paper No. 02-024
This paper conducts an empirical analysis of eBay online auctions for computers. The theory of common value auctions has a number of implications. In equilibrium, bidders must account for the winnerís curse. The winnerís curse changes with the dispersion of information about the common value, the number of bidders, and the credibility of the seller. A novel feature of my analysis is that I supplement the bidding data with an original survey, in which an average of 46 people provided estimates of the value of each computer in my sample. From my survey, I construct measures that should be correlated with the mean and dispersion of biddersí signals in my sample of eBay auctions. I then test whether bidding in these auctions is consistent with predictions from common-value, Nash equilibrium behavior. My results indicate that they are: prices decrease with dispersion, and the rate of decrease depends on the level of information dispersion, the number of bidders, and sellers reputation (credibility). I them impose the common-value, Nash equilibrium price function to estimate the biases in my survey measures. After adjusting the survey measures of common value and information dispersion, I then calculate the effect of reputation on prices and information dispersion and quantify the winnerís curse present in these auctions. I find that an interaction effect between reputation and information dispersion creates an incentive for credible sellers to provide detailed information in their auction descriptions, reducing uncertainty and promoting efficient trade.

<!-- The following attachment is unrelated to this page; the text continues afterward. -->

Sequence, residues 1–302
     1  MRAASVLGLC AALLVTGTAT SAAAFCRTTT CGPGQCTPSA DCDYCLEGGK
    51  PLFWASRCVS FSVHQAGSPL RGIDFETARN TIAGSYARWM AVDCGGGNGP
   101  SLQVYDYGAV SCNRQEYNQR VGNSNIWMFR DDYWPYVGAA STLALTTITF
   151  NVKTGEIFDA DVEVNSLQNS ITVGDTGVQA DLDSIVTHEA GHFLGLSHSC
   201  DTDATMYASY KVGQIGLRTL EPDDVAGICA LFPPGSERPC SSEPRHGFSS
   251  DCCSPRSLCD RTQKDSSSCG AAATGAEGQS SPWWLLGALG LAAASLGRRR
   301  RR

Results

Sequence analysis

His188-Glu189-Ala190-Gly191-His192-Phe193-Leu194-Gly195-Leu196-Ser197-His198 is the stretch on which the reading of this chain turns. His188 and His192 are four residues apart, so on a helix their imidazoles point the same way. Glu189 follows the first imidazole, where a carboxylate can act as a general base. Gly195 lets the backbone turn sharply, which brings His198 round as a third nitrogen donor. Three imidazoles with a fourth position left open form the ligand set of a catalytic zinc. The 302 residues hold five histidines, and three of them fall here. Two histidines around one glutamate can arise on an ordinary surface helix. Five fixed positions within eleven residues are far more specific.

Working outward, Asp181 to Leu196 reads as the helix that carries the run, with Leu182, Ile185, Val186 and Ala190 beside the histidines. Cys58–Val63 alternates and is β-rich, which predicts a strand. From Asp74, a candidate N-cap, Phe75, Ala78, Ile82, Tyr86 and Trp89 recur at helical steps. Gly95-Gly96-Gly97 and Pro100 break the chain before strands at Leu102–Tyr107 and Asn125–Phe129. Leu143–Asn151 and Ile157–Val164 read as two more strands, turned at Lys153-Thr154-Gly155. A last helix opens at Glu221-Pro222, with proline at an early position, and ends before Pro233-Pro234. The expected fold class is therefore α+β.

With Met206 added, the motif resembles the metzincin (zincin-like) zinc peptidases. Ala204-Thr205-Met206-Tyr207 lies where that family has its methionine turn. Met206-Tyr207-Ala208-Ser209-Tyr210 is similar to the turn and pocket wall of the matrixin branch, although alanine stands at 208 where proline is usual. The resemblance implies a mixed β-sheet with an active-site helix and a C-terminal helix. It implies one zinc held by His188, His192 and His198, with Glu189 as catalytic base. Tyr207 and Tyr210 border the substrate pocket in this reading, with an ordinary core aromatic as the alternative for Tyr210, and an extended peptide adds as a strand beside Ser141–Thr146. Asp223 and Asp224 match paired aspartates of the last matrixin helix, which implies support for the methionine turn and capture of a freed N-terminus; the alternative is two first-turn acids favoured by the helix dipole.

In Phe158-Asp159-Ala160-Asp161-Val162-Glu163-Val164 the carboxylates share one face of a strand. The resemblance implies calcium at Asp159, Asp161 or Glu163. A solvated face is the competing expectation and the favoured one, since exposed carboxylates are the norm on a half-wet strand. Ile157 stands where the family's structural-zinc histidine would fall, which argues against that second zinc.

Information Dispersion and Auction Prices
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